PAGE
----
Reliability Program Standard Implementation Guide
|Publication Date:||1 March 1999|
Scope - Introduction
Introduction - The importance of reliability in design engineering has significantly grown since the early 1960's. Competition has been a primary driver in this growth. The three realities of competition today are: world class quality and reliability, cost-effectiveness, and fast time-to-market. Formerly, companies could effectively compete if they could achieve at least two of these features in their products and product development processes, often at the expense of the third. However, customers today, whether military, aerospace, or commercial, have been sensitized to a higher level of expectation and demand products that are highly reliable, yet affordable.
Product development practices are shifting in response to this higher level of expectation. Today, there is seldom time, or necessary resources to extensively test, analyze, and fix to achieve high quality and reliability. It is also true that the rapid growth in technology prevents the accumulation of historical data on the field performance of their products. Unfortunately, some reliability methods have depended upon the availability of historical data, other experiential information, or learning through extensive and time consuming tests. The new realities require innovation and creativity in the selection and use of reliability methods, and teamwork and collaboration in the management of product development programs. There must be a shift from seeking to eliminate complaints in products, to eliciting praise for them.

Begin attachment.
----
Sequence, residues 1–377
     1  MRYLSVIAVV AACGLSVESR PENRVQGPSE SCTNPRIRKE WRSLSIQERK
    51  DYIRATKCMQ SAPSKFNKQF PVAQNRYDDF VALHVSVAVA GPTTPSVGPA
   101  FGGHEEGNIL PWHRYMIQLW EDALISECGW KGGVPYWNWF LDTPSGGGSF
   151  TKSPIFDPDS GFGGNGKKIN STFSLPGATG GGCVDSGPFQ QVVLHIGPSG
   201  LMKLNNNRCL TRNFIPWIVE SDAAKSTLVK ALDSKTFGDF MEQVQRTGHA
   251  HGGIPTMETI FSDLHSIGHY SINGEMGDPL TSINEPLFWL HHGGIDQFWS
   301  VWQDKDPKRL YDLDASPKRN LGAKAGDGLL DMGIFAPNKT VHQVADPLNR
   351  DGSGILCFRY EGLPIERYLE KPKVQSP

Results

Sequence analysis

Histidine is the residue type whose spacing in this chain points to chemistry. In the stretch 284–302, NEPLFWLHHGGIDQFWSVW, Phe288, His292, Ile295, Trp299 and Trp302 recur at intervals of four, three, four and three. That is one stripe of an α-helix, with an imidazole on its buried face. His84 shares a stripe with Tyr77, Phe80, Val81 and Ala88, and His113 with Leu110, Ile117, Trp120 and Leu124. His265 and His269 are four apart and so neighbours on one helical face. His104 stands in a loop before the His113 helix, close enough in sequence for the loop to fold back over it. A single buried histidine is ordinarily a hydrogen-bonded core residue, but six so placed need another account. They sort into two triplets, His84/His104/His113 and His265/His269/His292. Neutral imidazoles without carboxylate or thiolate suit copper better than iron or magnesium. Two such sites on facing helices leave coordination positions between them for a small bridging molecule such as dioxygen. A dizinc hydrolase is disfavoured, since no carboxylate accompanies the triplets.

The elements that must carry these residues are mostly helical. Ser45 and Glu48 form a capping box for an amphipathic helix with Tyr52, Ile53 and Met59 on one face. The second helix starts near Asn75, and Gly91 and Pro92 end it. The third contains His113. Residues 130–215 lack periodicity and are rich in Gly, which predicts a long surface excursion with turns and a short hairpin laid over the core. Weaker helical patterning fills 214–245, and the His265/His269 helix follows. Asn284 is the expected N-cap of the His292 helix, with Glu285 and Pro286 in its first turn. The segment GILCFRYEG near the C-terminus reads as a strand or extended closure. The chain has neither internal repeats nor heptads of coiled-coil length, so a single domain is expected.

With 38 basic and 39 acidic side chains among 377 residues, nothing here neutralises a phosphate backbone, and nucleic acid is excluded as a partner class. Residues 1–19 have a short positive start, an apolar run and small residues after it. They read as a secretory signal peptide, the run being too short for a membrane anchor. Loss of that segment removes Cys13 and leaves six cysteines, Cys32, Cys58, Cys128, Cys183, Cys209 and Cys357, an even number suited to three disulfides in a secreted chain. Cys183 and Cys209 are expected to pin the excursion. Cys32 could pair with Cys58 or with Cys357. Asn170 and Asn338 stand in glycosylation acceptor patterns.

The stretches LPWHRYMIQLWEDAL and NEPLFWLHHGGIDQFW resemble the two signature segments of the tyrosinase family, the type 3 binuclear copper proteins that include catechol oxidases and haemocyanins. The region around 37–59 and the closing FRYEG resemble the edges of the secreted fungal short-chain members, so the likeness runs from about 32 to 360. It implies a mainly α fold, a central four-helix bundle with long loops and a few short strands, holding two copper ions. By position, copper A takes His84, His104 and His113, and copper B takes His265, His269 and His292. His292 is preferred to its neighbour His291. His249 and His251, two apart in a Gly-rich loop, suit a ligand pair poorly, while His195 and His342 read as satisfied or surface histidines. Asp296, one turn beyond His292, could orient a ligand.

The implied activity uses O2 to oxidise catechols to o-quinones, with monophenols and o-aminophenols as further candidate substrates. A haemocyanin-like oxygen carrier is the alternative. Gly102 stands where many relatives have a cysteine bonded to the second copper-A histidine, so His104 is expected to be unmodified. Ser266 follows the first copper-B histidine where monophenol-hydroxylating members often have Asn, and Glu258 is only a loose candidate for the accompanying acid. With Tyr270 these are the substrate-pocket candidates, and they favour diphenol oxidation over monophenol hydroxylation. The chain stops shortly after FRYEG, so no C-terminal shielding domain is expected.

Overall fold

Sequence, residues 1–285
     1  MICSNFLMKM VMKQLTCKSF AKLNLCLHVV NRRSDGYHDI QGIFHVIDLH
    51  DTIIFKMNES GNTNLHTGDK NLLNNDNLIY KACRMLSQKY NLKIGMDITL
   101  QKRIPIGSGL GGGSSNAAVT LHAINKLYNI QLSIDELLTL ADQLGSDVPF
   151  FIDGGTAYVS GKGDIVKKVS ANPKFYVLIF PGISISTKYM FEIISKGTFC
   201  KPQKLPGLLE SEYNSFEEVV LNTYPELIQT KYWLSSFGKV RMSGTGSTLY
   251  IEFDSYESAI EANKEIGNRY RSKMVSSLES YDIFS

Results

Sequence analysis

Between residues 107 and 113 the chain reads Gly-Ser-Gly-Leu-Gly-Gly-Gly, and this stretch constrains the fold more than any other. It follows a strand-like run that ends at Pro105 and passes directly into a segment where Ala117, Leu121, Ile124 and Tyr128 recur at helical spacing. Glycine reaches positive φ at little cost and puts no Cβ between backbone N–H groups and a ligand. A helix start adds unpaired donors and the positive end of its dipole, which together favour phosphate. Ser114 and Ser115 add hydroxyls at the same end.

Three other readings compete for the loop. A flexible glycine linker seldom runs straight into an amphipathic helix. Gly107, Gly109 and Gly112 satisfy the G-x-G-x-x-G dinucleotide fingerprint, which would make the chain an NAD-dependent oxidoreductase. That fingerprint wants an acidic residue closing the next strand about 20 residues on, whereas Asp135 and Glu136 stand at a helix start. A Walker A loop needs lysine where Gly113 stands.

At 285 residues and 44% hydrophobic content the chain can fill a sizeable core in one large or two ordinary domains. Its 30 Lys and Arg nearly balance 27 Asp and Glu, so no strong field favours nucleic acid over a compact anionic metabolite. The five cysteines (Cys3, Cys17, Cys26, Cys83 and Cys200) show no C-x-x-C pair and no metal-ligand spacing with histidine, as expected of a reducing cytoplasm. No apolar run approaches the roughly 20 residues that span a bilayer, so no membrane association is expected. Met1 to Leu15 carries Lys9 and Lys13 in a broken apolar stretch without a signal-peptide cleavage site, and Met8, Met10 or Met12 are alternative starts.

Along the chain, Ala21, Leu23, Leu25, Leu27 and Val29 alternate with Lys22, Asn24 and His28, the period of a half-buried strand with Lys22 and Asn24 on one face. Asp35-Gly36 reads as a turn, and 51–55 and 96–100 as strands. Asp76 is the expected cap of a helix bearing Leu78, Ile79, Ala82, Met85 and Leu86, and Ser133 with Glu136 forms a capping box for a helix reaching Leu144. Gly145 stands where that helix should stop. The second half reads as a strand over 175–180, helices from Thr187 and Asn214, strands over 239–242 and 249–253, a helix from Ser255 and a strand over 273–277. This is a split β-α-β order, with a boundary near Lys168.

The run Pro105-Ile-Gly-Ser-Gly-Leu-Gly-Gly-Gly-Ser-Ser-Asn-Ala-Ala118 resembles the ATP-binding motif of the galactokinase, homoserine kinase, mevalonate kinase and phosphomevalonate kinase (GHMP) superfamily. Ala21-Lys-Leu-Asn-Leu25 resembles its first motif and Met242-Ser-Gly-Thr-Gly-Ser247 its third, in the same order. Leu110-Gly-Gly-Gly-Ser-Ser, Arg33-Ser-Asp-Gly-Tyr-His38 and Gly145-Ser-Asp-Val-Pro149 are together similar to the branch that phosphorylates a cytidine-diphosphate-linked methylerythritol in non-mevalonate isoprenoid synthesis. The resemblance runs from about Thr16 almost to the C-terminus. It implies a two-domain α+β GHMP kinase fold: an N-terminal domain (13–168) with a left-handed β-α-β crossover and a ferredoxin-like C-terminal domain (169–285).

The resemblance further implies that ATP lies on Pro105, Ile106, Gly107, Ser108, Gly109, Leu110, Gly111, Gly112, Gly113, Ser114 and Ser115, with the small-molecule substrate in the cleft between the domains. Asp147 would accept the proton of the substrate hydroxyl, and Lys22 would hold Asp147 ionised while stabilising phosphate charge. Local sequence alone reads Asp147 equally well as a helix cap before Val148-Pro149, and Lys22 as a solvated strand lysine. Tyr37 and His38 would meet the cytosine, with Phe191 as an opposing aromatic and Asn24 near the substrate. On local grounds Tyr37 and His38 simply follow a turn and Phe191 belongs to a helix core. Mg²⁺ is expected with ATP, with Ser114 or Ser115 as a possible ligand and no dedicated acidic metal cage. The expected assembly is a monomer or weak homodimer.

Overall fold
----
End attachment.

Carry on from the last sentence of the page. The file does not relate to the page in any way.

To enable this transition, reliability efforts must be directed toward anticipating problems and designing-in features that assure the achievement of quality and reliability, concurrent with the development process, instead of trying to assess quality and reliability downstream. The gains in time-to-market and cost savings from such an approach can be significant. More recent reliability programs tend not to prescribe reliability tasks or methods to be performed by suppliers. Rather, suppliers are considered equal partners in the effort to produce a reliable product and work with the companies in deciding which reliability methods provide most value in achieving objectives.